The appellants submitted that they believe that global warming will result in dire consequences for the natural environment and human life. An expanded Pipeline would increase Canada’s annual emissions and result in clear and imminent peril to their lives. The appellants also argued that impeding the construction of the Pipeline was the only reasonable alternative available to them in responding to that peril. In some instances, if an individual undertakes criminal actions to avoid clear and imminent peril, and they do not have a reasonable alternative, Canadian law has allowed the individual to rely on the defence of necessity to avoid criminal charges. For these reasons, disobeying the injunction was legally excusable.[4]

First Instance Judgement

The Court found that the approach taken by the applicants was misconceived. The Court held that the criminal contempt proceedings only dealt with the question whether the applicants were guilty or not. The applicants did not argue that their prosecution for contempt of court was a violation of the Charter. Rather, they asked the court to assess the general wisdom of the federal government involvement with the Pipeline and its impact on climate change. The court was not willing to engage in such an assessment.[5]

The Court furthermore rejected the necessity claim on December 4, 2018.[6] The accused were ultimately convicted at trial.

Second Instance Judgement

The applicants appealed the trial judge’s decision. The Court of Appeals’ judgment focused on the applicants’ necessity claim.

 There are three legal requirements to raise the defence of necessity.[7] First, the accused must have an objectively reasonable belief that at the time they defied the injunction, they faced a clear and imminent peril or danger.[8] Second, the accused must have had no reasonable legal alternative to the course of action they undertook.[9] Third, the harm inflicted must be proportional to the harm avoided.[10]

On the second element of the defence, an accused must reasonably believe, at the time of the wrongful act, that they faced a situation of imminent peril that left no reasonable legal alternative to disobeying the law.[11] If there was a reasonable legal alternative to breaking the law, there is no necessity.[12] The undisputed fact is that the appellants did not take steps to vary or challenge the injunction before their arrest.[13] Other alternatives included lobbying the government, civil litigation, protesting outside the prohibited area, leaving altogether or doing nothing.[14]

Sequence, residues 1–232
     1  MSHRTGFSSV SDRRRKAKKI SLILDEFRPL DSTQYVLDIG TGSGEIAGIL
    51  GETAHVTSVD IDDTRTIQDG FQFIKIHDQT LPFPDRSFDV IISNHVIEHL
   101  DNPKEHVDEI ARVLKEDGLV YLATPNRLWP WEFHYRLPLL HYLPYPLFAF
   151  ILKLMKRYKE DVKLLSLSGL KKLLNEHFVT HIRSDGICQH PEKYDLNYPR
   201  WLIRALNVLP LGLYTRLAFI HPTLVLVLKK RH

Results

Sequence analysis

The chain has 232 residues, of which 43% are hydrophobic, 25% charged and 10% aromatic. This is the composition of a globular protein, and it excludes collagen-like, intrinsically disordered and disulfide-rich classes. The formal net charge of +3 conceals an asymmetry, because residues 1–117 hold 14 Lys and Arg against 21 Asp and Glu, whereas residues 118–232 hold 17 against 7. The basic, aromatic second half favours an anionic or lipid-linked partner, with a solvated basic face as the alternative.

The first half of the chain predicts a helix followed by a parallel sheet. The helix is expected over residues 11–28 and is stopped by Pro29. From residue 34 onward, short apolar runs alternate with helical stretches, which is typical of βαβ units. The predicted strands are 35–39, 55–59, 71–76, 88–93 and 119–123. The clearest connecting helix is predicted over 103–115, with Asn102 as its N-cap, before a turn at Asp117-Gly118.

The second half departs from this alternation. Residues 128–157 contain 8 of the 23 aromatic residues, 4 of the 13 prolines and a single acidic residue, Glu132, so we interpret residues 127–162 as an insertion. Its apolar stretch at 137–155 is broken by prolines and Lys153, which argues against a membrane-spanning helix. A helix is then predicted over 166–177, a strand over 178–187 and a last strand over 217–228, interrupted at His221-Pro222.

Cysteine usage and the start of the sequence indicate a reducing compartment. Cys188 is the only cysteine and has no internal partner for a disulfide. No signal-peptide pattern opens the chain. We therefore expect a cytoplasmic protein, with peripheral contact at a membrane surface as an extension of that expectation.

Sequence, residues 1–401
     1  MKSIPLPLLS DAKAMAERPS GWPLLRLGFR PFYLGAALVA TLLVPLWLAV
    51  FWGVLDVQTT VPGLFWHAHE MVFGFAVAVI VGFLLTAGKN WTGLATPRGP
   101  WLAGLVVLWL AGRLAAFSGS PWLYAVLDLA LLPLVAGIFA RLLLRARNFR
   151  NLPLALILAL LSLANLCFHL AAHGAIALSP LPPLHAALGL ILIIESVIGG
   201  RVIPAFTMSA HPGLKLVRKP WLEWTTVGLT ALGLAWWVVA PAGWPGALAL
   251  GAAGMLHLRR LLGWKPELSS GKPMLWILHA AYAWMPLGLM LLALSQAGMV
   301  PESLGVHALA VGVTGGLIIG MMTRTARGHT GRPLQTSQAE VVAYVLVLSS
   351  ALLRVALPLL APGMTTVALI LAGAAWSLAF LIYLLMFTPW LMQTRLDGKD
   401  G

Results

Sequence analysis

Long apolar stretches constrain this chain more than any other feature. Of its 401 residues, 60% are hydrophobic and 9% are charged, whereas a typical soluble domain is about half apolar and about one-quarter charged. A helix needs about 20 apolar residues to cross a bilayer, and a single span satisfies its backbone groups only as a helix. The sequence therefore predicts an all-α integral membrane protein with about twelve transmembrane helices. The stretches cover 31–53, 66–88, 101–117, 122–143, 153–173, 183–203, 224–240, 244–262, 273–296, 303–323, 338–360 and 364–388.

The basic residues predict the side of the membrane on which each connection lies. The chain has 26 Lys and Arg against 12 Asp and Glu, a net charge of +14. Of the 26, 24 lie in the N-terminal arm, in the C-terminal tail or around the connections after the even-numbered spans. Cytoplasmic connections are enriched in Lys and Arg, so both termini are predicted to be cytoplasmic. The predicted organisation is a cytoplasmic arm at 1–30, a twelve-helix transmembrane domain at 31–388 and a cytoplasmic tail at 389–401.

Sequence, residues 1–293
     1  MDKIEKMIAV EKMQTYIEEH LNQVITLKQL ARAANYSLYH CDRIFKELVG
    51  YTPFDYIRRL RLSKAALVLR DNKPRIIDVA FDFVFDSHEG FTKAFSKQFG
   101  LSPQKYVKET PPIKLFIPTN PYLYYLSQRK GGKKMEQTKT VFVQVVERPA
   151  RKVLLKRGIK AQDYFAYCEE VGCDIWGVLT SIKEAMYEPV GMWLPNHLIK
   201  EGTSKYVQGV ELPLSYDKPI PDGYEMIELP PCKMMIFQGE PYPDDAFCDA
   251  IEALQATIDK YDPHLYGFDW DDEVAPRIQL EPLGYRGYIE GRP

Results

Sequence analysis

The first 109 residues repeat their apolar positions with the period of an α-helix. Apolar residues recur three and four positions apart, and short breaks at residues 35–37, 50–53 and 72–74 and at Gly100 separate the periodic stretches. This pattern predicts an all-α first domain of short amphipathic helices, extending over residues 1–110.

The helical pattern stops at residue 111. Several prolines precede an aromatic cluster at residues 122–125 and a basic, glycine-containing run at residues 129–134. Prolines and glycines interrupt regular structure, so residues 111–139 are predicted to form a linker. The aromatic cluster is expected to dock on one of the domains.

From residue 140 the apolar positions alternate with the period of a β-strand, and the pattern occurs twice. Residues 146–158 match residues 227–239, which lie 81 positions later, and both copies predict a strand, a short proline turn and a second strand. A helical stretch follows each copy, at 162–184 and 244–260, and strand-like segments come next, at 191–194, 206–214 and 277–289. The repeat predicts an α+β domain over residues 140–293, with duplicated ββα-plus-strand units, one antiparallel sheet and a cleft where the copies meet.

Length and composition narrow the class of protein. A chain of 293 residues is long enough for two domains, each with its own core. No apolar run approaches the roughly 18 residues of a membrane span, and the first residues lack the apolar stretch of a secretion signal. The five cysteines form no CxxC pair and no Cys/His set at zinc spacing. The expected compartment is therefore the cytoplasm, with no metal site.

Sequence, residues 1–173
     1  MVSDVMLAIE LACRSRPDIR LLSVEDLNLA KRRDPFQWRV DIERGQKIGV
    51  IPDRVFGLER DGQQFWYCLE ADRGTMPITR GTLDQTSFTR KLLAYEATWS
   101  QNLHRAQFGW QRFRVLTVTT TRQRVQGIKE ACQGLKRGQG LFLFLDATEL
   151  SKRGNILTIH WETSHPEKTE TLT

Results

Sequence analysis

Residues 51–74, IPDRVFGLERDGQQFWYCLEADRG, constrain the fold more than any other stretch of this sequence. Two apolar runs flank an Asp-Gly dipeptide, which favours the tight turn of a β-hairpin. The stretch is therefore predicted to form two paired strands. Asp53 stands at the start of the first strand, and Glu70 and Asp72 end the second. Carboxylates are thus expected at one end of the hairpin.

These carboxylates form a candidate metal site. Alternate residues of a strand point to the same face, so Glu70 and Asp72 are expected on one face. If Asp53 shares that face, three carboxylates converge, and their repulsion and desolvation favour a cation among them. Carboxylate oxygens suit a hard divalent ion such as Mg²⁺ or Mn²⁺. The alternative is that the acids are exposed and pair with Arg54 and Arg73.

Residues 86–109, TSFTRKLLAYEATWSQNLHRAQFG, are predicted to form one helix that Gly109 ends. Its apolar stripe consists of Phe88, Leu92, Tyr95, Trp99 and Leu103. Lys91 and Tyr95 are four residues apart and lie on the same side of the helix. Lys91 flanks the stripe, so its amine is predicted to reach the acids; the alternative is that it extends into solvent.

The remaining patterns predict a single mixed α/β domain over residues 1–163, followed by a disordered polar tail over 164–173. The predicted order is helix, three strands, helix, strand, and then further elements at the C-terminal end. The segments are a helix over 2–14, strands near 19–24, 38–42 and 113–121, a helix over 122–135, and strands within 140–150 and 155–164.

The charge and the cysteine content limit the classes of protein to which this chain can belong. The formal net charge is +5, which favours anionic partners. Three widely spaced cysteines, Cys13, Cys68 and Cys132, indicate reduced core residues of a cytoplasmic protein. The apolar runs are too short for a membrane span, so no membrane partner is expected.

The second element of the necessity defence requires that there was no reasonable legal alternative available to the appellants because the purpose of the defence is to excuse wrongful conduct when the wrongdoer had no other choice. The court’s view was that allowing a defence of necessity in this case would potentially excuse the appellants from non-compliance with the law on the basis that the Pipeline conflicts with a higher social value and that blocking it was the most effective way to avoid the subjectively perceived peril. The court states that this is not an appropriate use of the defence even if the appellants’ proposed evidence was true.[15]

Moreover, the court found that the appellants’ actions were a planned activity intended to stop the construction of the Pipeline (a lawfully authorized activity). Their actions were closer to constituting a choice than morally involuntary behaviour. The social goal, no matter how altruistic or serious, was irrelevant to this finding.[16]

To claim the defence of necessity, the appellants would have to fulfill all three legal elements outlined above. Since the appellants did not fulfill the second requirement, the court did not consider it necessary to review the first and third requirements.[17]

The court furthermore rejected the appeals from conviction.


[1] Supreme Court decision, at paras. 32-34.

[2] Supreme Court decision, at para. 63.

[3] Court of Appeal decision, at para. 4.

[4] Court of Appeal decision, at para. 5.

[5] Supreme Court decision, at para. 64-68.

[6] Supreme Court decision, at para. 53-59.

[7] Court of Appeal decision, at para. 27.

[8] Court of Appeal decision, at para. 114.

[9] Court of Appeal decision, at para. 27.

[10] Court of Appeal decision, at para. 27.

[11] Court of Appeal decision, at para. 72.

[12] Court of Appeal decision, at para. 71.

[13] Court of Appeal decision, at para. 97.

[14] Court of Appeal decision, at para. 102.

[15] Court of Appeal decision, at para. 113.

[16] Court of Appeal decision, at para. 84.

[17] Court of Appeal decision, at paras. 114-115.